BARD COLLEGE Art History Program
Alexander Calder, Yellow Tights, 1945
Senior Project Presentations May 17, 2012
SENIOR PRESENTATIONS PROGRAM May 17, 2012
Farewell Message From Professor Susan L. Aberth Director, Art History Program
The Art History faculty extends their congratulations to you on the successful completion of your Senior Project and college career. During the past four years we have come to know you all well and have tried to assist you in every way imaginable. Our commitment to you does not end here, however, and we hope that you allow us to assist you in future endeavors as well. Year after year our graduates have gone off to lead adventurous lives, but have still found time to let us know of their many achievements. We invite you to do the same and look forward to learning about your jobs, graduate school admissions and the many other journeys you will embark upon. Our program alumni are our extended family, and we know that you will make us proud!
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SENIOR PRESENTATIONS PROGRAM 2012 Art History Majors Lilah Anderson Emanuela Del Peschio Amy Freeman Keziah Goudsmit Anatole Hocek Lily Kaminsky Madeleine Kiwak Stefan Klecheski Fiona Laugharn Patricia Manos Nicole Minatel Elizabeth Erin Morrel Anna Page Nadin Miriam Natis Madeleine Nimoy Alexander Oâ€™Kane Lindsay Pike Christopher Richards Monica Semczyk Nicole Stein Madeline Turner Jeremy Ulman Madeline Williamson
LILAH ANDERSON Title: Four New /Corners/Artists Approaching the Intersection Adviser: Noah Chasin
The corner is marginalized. The corner is the stability of a room. The corner is a refuge. The corner is for the dreamer. The corner is for the naughty boy. The corner is forgotten. The corner has an array of significations that generate infinite interpretations. The corner is not fixed but a dynamic and ever-moving entity, therefore we see the many different interactions created when the artist uses this space. This project examined the interaction of viewer and artistic approach in four case studies of works in the corner. The corner has always contained the /corner/ and it is only through these visual works that the multiplicity of this space is revealed.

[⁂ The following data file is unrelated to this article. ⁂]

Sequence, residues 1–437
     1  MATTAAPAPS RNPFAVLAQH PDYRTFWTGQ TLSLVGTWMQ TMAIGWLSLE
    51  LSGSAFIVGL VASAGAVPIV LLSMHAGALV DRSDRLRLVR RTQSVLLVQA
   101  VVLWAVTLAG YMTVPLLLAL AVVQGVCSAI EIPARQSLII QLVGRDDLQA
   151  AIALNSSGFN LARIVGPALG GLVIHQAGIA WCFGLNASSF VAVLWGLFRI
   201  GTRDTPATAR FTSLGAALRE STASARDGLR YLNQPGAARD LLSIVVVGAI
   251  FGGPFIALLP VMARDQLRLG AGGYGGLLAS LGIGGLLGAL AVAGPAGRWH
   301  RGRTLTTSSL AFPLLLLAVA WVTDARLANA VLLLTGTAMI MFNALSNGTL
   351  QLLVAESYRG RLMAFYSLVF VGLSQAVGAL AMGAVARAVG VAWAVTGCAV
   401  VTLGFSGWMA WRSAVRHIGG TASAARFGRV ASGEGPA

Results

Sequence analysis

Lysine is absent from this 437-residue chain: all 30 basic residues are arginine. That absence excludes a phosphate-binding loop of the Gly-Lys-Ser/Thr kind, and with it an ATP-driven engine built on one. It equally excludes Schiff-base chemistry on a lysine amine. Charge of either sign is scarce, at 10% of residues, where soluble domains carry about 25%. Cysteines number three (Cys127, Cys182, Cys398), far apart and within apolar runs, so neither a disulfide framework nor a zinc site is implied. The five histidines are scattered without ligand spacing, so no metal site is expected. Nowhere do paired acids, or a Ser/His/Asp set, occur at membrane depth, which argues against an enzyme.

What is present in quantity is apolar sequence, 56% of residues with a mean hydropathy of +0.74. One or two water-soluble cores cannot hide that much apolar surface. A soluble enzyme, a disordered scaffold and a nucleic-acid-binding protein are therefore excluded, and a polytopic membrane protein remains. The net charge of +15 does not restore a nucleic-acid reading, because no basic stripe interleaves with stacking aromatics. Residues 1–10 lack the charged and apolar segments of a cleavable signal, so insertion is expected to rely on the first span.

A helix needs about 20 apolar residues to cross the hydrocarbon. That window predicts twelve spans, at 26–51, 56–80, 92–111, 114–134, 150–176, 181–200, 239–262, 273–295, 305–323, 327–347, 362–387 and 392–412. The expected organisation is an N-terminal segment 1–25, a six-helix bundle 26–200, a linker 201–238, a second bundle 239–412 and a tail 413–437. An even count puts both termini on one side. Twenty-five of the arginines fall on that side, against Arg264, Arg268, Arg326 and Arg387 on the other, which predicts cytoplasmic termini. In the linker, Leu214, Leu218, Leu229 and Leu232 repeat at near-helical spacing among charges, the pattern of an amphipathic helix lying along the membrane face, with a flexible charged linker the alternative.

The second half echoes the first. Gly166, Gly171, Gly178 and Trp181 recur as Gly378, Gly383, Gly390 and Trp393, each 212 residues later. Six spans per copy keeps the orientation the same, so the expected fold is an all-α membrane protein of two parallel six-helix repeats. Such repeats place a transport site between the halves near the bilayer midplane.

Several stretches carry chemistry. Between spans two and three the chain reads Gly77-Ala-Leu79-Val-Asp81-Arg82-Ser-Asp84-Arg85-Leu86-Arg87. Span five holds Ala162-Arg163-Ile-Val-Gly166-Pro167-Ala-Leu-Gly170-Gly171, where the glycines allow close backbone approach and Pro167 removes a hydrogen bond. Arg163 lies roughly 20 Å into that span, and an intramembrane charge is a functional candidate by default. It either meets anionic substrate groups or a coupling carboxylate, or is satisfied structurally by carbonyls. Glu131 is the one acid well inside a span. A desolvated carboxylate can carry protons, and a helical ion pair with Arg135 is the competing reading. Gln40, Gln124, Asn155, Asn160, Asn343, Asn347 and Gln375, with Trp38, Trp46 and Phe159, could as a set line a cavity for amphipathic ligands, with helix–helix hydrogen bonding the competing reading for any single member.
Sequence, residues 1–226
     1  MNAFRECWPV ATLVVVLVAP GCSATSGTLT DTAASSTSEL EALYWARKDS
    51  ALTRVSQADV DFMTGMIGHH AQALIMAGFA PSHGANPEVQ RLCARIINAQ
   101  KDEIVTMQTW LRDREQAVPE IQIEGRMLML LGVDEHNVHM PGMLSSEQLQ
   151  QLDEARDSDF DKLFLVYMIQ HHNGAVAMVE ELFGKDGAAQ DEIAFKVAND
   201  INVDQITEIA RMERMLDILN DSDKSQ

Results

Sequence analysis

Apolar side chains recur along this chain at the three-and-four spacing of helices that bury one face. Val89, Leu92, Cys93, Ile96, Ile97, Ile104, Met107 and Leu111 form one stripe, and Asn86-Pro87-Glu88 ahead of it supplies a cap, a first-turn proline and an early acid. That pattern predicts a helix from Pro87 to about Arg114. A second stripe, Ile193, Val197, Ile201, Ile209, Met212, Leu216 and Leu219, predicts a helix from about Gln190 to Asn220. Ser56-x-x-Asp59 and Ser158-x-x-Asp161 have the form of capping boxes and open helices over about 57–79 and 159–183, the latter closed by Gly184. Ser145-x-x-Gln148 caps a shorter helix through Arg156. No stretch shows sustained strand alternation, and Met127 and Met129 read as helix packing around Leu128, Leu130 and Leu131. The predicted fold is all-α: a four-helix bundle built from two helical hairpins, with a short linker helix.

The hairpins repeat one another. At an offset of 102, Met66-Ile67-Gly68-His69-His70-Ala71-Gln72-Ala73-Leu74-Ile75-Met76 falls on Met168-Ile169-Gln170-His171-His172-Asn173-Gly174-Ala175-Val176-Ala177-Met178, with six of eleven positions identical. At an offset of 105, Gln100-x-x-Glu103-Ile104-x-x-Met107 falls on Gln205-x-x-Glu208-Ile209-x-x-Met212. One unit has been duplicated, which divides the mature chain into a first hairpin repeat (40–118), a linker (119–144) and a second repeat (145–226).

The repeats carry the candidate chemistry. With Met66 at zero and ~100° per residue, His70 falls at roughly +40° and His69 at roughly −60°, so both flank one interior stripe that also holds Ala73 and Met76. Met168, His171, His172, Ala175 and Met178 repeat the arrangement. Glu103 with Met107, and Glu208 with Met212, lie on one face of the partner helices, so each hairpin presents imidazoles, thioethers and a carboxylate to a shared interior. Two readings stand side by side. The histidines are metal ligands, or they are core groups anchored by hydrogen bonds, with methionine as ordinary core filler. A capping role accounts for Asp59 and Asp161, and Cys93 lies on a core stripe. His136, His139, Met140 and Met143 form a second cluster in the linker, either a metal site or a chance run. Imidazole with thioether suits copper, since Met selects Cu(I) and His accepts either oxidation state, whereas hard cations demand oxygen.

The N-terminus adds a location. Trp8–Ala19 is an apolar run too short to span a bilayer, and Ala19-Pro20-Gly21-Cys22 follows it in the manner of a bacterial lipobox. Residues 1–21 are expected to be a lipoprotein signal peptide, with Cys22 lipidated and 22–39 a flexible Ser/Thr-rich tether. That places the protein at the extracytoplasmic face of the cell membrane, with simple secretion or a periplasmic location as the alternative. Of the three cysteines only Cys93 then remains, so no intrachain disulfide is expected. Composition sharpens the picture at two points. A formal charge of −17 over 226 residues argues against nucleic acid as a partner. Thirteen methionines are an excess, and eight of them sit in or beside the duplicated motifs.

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EMANUELA DEL PESCHIO Title: Oh My Gouache: A Reconsideration of Alexander Calder's Opaque Watercolors Adviser: Tom Wolf
Alexander Caler’s gouaches, or opaque watercolors, are a little studied area within Calder’s work. This major artist painted in gouache for a fifty-year period, producing close to five thousand works. This project provides a chronology of the progressions in style and content of the paintings. The first wave of gouaches underscores Calder’s interest in cosmic themes, plus the circus imagery that inspired his famous Le Cirque Calder, 1926. His works of the 1940’s and 1950’s illustrate the psychological impact of World War II upon the artist. As his career ripened in the remaining years of his life, brilliantly charming and positive metaphors are rampant in the gouaches, revealing his pacifistic nature throughout the Vietnam War. In Calder’s works of the 1960’s and 1970’s, he returned to themes that dominated his early work, echoing his early introduction to the Dutch painter, Piet Mondrian. The project aims to posit new insight into these works which are so often overlooked, to demonstrate their strengths as compositions, and to provide a deeper analysis into the many metamorphosis of the artist’s consciousness.
AMY FREEMAN Title: David Wojnarowicz and the Art Love Hate Triangle: Artists, Art Institutions and the Right Wing Adviser: Noah Chasin
The creation of the NEA in 1965 began an era of government involvement in art funding. The purpose of the NEA was to foster emerging artists by funding exhibits and providing financial support. The mission of the NEA founders was to allow creative expression without limitations, with the acknowledgement that artists are the mirror of society and a cultivated society embraces artistic freedom. In the late 1980's, there was a shift in the political climate towards an ascension of power by conservative Republicans like Jesse Helms and Donald Wildmon. Simultaneously, an anti-establishment society in the East Village was gaining strength as the hottest spot for emerging artists. David Wojnarowicz, as a leading artist in the East Village scene, did not stray from his forthright and clearly messaged works. Other artists like Felix Gonzalez-Torres used more subversive methods to avoid controversy, but still communicated his intended message.
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KEZIAH GOUDSMIT Title: Hitler’s Great Wall: The Battle Of The Entartete Kunst exhibition, Ernst Ludwig Kirchner and Otto Dix Misrepresented As “Anti-Heroes” To Consolidate Volksgemeinschaft Adviser: Tom Wolf